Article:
Every now and then another study comes out about the long tail and gets discussed in the usual places. More often than not, the end result is additional confusion, because the thing they are talking about (Chris Anderson’s book) defines the concept in many different ways, depending on what the author feels like talking about at the moment.
The latest is a working paper called Is Tom Cruise Threatened: Using Netflix Prize Data to Examine the Long Tail of Electronic Commerce, by Tom Tan and Serguei Netessine of the Wharton Business School at the University of Pennsylvania [PDF, summarized here]. It got slashdotted here, written up in The Register here, and Chris Anderson responds to it here.
Here is what the paper does. It takes the sample of 100 million DVD ratings provided by Netflix for the recently-completed Netflix Prize, and breaks down the trends in ratings from 2000, when Netflix stocked relatively small numbers of titles and had relatively few users, to 2005 when Netflix had many more DVD titles and many more users. Then they ask whether demand for “hit movies” and “niche movies” increased or decreased over that time, as reflected in the number of ratings in Netflix’s sample data set. Not surprisingly, they notice that when measured absolutely (top 10, top 100) the demand for hits decreases and when measured in percentage terms (top 1%, top 10%) it increases.
The problem is that the Netflix Prize data set, while fascinating to explore, has nothing to say about the long tail by itself. Between 2000 and 2005 the DVD as a format exploded, with many old titles getting put on the new format, and Netflix exploded as the convenience of online movie rental took off. But comparing early Netflix to late Netflix doesn’t tell us anything at all about the evolution of consumer taste in the online world, or about the relative diversity of demand from online and ‘bricks and mortar’ stores, which is supposed to be what this is all about.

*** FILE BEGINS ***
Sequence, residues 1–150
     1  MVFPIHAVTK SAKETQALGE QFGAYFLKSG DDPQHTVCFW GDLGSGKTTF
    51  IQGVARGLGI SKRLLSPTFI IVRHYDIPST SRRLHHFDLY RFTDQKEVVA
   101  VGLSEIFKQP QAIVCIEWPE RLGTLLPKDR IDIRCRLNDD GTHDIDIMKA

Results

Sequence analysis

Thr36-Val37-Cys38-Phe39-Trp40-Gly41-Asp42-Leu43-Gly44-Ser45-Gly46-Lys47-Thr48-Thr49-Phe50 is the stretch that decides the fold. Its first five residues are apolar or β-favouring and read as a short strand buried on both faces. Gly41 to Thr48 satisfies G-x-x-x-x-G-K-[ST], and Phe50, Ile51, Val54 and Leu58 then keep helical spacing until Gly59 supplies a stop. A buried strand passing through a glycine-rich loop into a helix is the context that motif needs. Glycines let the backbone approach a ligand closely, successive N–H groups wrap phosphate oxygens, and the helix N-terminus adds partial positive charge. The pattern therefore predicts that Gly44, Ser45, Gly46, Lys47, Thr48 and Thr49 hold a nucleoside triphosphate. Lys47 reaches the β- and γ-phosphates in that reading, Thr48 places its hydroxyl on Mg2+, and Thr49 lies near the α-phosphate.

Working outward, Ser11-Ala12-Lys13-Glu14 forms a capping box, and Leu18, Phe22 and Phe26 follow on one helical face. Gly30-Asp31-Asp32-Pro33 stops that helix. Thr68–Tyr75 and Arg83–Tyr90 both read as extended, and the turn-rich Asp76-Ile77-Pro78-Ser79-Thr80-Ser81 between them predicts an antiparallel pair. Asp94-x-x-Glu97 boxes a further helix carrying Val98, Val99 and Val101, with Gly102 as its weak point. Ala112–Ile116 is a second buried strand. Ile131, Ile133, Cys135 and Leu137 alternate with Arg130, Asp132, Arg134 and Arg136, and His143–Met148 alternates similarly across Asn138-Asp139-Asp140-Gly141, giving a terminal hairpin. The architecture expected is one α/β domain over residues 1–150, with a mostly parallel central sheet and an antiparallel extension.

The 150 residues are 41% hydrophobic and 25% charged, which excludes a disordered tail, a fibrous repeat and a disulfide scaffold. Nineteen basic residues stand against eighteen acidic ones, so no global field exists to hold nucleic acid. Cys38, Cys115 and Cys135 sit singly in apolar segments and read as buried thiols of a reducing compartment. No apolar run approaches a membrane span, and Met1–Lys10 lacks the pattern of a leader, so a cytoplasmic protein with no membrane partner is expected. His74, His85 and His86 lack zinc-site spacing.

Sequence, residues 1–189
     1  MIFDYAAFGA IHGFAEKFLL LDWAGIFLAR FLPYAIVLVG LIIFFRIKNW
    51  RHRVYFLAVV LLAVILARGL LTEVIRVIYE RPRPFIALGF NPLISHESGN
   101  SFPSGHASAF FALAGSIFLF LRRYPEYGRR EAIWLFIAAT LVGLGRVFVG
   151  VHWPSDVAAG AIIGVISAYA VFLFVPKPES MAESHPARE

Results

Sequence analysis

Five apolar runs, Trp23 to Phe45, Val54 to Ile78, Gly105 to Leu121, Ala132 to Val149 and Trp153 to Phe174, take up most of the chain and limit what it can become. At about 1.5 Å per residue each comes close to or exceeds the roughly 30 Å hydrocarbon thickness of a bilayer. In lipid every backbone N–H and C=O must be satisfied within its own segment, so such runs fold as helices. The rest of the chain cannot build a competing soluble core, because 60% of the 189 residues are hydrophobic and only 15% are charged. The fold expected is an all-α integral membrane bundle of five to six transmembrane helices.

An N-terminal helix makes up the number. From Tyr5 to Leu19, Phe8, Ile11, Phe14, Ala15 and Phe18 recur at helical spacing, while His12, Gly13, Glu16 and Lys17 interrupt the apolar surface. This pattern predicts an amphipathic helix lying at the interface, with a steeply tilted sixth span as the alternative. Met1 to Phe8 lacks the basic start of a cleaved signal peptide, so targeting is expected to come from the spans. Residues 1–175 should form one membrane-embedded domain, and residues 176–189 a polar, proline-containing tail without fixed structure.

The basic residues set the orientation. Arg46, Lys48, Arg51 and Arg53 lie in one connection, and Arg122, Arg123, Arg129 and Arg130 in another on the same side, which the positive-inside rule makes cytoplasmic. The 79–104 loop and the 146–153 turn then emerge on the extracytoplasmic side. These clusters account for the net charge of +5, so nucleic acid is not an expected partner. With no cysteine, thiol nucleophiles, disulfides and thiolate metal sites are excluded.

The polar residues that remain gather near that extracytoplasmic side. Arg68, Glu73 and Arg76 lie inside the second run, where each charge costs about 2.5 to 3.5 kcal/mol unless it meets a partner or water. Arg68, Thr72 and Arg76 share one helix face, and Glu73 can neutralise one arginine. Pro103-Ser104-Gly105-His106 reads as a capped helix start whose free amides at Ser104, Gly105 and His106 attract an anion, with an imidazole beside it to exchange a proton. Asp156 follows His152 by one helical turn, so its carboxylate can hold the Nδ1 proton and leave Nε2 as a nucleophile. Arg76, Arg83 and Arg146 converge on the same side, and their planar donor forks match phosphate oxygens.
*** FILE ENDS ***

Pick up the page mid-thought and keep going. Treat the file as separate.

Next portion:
To be charitable, the nearest we can get is that it’s a comparison of a restricted set of choices (2000) and a broad set of choices (2005), but given that the size of the available set of titles increased by a factor of about 5 while the user base increased by a factor of 50, interpreting the results as “the effect on demand of this increase in variety [of titles]”, as Anderson does, is simply seeing what you’d like to see.
If we are going to take Anderson seriously then we should adopt his standard definition when the long tail gets challenged:
This is a good moment to remind everyone of the normal definition of "head" and "tail" in entertainment markets such as music. "Head" is the selection available in the largest bricks-and-mortar retailer in the market (that would be Wal-Mart in this case). "Tail" is everything else, most of which is only available online, where there is unlimited shelf space. [link]
It’s a definition that is skewed to guarantee success for his model, and which is completely uninteresting (as I have posted about ad nauseam) but hey, it’s his definition. And the Netflix data has nothing to say about it.
So when Chris Anderson posts his favourite graph from the data and claims it’s a vindication of the long tail (“Netflix data shows shifting demand down the Long Tail”), it can only be because it looks like the schematic, unlabelled, number-free graphs in his book. It’s cherry picking the data for the most simplistic of reasons because the two lines he’s comparing have no relation to what he talks about elsewhere, but hey, who cares?